Joe Mullenbach

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A TPad Tablet is a tablet computer with a variable friction touchscreen. It can create the perception of force, shape, and texture on a fingertip, enabling unique and novel haptic interactions on a flat touchscreen surface. We have created an affordable and easy to use variable friction device and have made it available through the open-hardware TPad Tablet(More)
This paper explores the use of variable friction surface haptics enabled by the TPad Tablet to support affective communication between pairs of users. We introduce three haptic applications for the TPad Tablet (text messaging, image sharing, and virtual touch) and evaluate the applications with 24 users, including intimate couples and strangers.(More)
We present a new surface haptic interface that combines a variable friction device (the Large Area TPaD) with an impedance controlled planar mechanism. This device configuration is novel because it allows control of the frictional force in the static friction regime, control of the direction of force in the kinetic friction regime, as well as a degree of(More)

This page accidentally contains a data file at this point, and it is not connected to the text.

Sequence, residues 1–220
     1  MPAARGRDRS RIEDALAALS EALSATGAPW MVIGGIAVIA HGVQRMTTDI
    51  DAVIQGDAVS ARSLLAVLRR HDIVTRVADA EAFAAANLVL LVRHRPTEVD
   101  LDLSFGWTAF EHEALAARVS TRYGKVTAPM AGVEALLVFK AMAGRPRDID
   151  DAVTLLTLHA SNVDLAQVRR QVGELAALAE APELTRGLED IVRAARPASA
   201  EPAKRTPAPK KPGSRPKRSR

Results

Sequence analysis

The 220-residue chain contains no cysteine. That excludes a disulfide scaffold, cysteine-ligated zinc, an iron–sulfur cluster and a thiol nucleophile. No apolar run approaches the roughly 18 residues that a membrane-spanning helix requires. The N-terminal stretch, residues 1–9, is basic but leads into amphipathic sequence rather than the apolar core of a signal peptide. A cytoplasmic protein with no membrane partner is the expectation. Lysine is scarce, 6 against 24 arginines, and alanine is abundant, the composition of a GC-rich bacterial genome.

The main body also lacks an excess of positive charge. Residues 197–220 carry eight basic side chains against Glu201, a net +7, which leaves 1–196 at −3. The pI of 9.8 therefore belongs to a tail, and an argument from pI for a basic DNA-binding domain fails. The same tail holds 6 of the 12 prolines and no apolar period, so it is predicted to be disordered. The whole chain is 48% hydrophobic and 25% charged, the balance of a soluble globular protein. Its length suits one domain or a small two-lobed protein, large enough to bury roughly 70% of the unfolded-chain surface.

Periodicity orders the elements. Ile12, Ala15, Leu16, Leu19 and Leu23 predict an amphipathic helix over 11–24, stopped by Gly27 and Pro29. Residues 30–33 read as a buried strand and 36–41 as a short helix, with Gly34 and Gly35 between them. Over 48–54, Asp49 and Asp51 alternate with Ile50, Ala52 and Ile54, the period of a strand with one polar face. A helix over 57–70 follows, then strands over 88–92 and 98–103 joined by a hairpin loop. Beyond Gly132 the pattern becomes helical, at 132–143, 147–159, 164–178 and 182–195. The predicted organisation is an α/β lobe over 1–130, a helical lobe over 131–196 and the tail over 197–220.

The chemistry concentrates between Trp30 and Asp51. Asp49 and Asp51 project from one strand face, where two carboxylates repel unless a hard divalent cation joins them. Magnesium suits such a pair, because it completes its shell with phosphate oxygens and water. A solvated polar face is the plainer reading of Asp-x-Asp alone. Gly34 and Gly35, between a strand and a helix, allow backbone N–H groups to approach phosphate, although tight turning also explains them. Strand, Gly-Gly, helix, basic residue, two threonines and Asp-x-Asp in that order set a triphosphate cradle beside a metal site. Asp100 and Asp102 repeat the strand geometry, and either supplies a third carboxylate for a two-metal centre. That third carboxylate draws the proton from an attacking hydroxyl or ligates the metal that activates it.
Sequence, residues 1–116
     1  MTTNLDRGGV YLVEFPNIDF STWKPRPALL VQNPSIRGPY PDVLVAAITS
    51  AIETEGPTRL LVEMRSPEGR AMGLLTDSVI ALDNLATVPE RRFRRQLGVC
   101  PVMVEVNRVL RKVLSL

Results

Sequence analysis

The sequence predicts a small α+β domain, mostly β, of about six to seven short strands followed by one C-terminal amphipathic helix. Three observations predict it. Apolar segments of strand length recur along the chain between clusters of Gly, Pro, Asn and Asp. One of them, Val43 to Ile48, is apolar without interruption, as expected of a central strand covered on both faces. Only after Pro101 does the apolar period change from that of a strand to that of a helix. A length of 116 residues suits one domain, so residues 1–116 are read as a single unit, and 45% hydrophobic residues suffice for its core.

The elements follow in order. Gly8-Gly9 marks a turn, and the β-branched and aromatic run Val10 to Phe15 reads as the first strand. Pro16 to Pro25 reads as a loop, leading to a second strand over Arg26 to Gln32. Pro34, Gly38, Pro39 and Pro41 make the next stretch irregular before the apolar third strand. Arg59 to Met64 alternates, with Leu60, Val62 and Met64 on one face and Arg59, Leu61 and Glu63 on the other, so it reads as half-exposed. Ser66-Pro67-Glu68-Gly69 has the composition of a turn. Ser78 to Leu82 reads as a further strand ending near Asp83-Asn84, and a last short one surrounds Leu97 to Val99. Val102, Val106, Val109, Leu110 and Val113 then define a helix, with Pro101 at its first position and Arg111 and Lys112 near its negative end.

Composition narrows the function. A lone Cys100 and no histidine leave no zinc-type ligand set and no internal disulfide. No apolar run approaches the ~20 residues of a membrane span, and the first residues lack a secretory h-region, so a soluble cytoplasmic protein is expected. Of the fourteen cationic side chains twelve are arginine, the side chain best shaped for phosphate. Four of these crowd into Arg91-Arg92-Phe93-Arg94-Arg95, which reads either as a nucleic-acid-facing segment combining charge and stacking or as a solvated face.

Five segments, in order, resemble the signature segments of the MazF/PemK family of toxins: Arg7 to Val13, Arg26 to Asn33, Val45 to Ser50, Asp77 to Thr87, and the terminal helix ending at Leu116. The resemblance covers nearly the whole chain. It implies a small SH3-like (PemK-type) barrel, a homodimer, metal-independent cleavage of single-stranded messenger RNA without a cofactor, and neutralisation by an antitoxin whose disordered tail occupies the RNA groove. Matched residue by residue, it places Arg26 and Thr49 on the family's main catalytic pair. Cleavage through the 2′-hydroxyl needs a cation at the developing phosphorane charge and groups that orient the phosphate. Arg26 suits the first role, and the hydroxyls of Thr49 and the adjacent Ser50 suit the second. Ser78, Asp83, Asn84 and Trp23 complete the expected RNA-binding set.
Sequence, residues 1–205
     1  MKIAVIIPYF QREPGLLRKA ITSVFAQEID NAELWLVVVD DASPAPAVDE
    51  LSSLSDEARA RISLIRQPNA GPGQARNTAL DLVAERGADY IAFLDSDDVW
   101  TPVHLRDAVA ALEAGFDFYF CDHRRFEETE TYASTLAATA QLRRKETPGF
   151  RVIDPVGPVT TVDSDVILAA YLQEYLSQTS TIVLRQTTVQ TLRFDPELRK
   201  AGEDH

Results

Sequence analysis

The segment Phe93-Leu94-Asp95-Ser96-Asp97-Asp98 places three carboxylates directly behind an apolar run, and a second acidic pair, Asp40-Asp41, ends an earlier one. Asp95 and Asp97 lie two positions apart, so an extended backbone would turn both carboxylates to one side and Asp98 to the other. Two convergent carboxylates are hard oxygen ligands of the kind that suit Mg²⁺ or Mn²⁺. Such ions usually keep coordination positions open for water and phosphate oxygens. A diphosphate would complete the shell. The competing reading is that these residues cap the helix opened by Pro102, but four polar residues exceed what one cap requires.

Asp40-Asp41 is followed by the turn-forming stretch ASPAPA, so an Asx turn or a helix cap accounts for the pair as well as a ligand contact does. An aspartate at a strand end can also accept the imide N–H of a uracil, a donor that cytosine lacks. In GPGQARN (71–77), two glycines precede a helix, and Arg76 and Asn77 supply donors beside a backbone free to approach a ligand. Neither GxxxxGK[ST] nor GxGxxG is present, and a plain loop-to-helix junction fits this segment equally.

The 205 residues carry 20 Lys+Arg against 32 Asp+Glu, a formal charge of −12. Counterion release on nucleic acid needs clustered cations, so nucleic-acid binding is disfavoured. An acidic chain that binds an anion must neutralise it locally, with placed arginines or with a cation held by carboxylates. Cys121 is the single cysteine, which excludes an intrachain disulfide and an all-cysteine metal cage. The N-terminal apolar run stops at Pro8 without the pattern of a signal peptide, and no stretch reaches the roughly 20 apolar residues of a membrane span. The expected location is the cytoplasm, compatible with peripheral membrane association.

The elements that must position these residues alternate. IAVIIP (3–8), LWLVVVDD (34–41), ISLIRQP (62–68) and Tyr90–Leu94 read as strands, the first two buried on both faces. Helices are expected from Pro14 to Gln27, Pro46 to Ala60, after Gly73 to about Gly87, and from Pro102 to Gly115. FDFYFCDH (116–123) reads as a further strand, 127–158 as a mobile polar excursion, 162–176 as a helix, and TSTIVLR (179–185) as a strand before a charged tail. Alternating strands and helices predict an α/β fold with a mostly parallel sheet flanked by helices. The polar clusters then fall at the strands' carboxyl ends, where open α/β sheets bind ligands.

With the ubiquity of wearable computing, an important and emerging challenge is to understand how to design wearable information displays for non-visual, non-auditory interaction. This is particularly relevant to the design of accessible technologies for people with vision impairments. Working towards this aim, we developed a smartwatch prototype that uses(More)
We introduce the TPad Fire, a handheld haptic device that incorporates a variable friction surface and a tablet computer. The device is designed to enable research and design in human-computer interaction by being affordable, easy to use, and easily available. An example application is given and advances over previous devices are listed as well. The full(More)
The TPad Tablet combines an Android tablet with a variable friction haptic touch-screen and offers many novel interaction possibilities. For example, unique textures may be associated with different user interface elements, such as text boxes and buttons. This paper presents an Android AccessibilityService that was created to give operating system-wide (OS)(More)
USE a variable-friction haptic smartphone to solve a real world problem. That was the challenge that student teams faced for the first ever Student Innovation Challenge at World Haptics 2015. Their responses ranged far and wide, from helping blind people take pictures to curing animal phobias. Twenty-five proposals were received from across the globe and(More)
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